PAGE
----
I feel that it is necessary to separately answer this part of the original question, as it actually ties in with the original question in a profound way:
I would also like to include that island nations like Greenland were
populated by natives, without any known landbridge to North America. I
have little knowledge on natives and biology and what they stemmed
from (Homosapiens/Neanderthals?) but I do know that they evolved into
This sounds to me like stemming from an assumption that the human species has somehow sprung up all over the world as independent populations. According to current understanding, Homo sapiens evolved in Africa, and then migrated into other parts of the world. It seems that all currently living humans descend from migrations that took place less than 100 000 years ago. And while there is clear evidence that these populations interbred with previous groups of humans, not all of whom were Homo sapiens, the genetic impact of this is relatively small (a few percent).
Understanding the origins of Homo sapiens may help in understanding why some parts of the world, such as Iceland, never even had "native" human populations before recorded history. Humans appear to have migrated out of Africa over a very long period of time, and – to clarify – "migrating" here is more akin to "expanding" rather than "moving". The first waves left the continent roughly 100 000 years ago, spreading through Eurasia, and from there to the Americas and the Pacific. The extremes of the latter areas were only reached relatively recently, a few thousand years ago. For example, Greenland, which was mentioned in the question itself, was only populated by "the natives" around 2500 BC. And those were not even the same natives that Europeans eventually encountered:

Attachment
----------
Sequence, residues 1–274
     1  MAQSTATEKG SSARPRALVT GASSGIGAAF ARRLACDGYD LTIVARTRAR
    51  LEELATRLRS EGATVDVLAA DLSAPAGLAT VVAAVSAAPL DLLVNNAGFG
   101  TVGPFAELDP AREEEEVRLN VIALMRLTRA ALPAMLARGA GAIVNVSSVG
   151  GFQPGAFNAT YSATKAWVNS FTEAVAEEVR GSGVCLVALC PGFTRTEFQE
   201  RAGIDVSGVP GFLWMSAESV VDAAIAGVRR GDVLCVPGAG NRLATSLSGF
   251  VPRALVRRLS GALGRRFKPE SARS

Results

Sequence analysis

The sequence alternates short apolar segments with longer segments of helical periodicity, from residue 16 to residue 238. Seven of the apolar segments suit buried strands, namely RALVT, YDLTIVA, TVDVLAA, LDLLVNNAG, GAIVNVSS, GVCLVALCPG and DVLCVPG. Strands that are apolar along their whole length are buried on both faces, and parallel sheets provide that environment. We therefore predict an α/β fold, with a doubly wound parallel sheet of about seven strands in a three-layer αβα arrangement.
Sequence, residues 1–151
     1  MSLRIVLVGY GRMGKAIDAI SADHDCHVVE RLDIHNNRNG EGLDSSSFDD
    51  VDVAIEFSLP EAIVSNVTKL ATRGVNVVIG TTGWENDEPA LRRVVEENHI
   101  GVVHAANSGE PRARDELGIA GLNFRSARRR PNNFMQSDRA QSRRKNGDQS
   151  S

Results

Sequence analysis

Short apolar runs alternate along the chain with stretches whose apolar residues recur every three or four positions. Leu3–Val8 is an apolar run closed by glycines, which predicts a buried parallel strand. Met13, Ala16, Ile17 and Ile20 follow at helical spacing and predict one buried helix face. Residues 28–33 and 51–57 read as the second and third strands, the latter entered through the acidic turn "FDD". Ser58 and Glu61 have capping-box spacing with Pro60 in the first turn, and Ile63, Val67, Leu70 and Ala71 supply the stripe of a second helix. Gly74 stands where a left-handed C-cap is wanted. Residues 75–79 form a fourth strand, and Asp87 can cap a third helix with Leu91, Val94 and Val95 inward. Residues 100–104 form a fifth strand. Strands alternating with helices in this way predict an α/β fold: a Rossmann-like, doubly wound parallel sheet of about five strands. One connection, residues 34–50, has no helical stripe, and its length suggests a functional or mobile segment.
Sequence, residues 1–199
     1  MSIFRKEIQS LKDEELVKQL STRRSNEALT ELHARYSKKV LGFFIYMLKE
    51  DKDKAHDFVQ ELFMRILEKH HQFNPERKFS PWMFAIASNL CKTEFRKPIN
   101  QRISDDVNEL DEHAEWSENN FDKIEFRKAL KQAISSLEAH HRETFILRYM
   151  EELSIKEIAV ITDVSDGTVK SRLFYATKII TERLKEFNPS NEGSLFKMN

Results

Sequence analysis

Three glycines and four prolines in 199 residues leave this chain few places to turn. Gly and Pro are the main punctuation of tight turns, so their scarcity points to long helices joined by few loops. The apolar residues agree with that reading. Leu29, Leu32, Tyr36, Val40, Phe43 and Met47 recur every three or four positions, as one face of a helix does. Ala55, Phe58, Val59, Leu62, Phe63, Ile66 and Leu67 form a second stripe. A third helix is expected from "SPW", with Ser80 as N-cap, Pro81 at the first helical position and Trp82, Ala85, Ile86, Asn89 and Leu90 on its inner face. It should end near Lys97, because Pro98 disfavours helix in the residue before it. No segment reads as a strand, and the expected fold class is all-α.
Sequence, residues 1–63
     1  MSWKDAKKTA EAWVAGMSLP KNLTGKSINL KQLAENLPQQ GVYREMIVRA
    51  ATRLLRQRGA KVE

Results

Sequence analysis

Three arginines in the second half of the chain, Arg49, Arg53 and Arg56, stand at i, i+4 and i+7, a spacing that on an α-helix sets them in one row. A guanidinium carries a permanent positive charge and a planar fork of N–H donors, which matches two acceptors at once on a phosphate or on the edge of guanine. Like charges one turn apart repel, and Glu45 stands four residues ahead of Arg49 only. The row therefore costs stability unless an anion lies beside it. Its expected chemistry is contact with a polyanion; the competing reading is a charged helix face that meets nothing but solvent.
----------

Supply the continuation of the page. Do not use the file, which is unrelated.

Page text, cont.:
After the Early Dorset culture disappeared by around 1 AD, Greenland
was apparently uninhabited until Late Dorset people settled on the
Greenlandic side of the Nares strait around 700.5 The late Dorset
culture in the north of Greenland lasted until about 1300.
Meanwhile the Norse arrived and settled in the southern part of the
island in 980.
So one could argue that, without Europeans coming from the east, people from the west would maybe have migrated on from Greenland to Iceland, given a few hundred or thousand years. So to answer the original poster's disbelief at Iceland being uninhabited before the Norse, it may well be that Iceland was just so remote that no previous group of humanity had yet had the time to populate it.
But to me the most important point here is the realization that the concept of "natives" is questionable to begin with. From this point of view, there is little difference between the migration of the two groups of humans into (for example) Greenland; "natives" versus "colonists" is simply a misleading narrative, as it's all a part of the same long history of human migration. Another good example is human migration to Polynesia, which took place less than 3000 years ago. In the hundred-thousand-year time scale that humans have been migrating all over the world, there is a time difference of 3% between the "native" Polynesian colonization and the age of European exploration. Homo sapiens evolved inside a relatively small area, then migrated outward from there, so almost everyone is an immigrant or colonist if you look back in time far enough. And, in many areas, Homo sapiens replaced (though not necessarily through direct interaction) previous populations of archaic human species, the "real natives". Who, in turn, replaced previous populations, and so on.